This post was written by guest blogger Jimmy Beck.
Placed in historical perspective, these findings fit with a gap that has existed in the United States since the spread of mass publishing in the mid-19th century. But for the gap to have grown so much in so short a time suggests that what was formerly a moderate difference is fast becoming a decided marker of gender identity: Girls read; boys don’t….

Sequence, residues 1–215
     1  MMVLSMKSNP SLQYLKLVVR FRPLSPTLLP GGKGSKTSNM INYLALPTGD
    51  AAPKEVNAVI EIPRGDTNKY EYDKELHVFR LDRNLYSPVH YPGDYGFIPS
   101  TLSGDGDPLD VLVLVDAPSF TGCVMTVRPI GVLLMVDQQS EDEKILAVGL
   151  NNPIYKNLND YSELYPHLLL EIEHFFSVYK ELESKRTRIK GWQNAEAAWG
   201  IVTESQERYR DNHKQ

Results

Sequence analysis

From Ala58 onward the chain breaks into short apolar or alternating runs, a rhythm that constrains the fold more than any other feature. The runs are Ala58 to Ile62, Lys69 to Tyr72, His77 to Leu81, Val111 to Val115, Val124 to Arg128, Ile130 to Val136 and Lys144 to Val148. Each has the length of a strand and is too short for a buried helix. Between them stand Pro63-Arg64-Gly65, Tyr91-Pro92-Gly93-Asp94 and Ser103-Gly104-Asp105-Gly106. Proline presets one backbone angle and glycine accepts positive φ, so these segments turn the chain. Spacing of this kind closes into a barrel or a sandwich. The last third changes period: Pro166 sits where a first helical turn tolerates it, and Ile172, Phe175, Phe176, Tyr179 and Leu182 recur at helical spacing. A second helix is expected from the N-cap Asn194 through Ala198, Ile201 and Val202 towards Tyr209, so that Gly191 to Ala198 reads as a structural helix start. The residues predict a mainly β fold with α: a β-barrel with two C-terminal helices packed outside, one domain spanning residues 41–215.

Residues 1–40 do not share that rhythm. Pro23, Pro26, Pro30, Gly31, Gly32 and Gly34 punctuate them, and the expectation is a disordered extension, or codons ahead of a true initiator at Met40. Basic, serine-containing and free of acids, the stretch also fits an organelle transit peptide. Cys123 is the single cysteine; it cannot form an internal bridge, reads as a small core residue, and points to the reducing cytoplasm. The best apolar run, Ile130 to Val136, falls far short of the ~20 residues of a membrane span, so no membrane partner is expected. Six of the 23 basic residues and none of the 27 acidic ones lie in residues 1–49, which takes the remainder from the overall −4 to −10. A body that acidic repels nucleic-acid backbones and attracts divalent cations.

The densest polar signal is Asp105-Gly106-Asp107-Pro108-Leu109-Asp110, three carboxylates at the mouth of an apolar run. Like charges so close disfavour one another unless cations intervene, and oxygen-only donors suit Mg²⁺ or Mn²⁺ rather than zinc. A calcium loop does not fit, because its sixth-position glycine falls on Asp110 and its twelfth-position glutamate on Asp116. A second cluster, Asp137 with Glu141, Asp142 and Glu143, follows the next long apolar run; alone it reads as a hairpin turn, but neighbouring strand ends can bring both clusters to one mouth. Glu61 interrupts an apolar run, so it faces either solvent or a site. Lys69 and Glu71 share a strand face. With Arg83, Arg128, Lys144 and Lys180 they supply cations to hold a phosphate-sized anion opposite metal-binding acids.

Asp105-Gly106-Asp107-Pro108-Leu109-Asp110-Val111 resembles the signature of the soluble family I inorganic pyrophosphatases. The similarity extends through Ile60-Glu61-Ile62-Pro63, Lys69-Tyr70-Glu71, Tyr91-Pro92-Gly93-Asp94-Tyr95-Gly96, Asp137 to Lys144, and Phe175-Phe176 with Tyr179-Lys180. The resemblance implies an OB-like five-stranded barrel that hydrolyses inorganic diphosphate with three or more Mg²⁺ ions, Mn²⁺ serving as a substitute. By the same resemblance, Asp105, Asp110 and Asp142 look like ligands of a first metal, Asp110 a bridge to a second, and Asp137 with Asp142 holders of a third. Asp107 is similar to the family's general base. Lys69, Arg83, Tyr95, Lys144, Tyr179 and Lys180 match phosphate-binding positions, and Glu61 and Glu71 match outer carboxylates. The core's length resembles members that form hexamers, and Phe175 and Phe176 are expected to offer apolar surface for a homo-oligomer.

…the textbooks and literature assigned in the elementary grades do not reflect the dispositions of male students. Few strong and active male role models can be found as lead characters. Gone are the inspiring biographies of the most important American presidents, inventors, scientists and entrepreneurs. No military valor, no high adventure. On the other hand, stories about adventurous and brave women abound. Publishers seem to be more interested in avoiding “masculine” perspectives or “stereotypes” than in getting boys to like what they are assigned to read.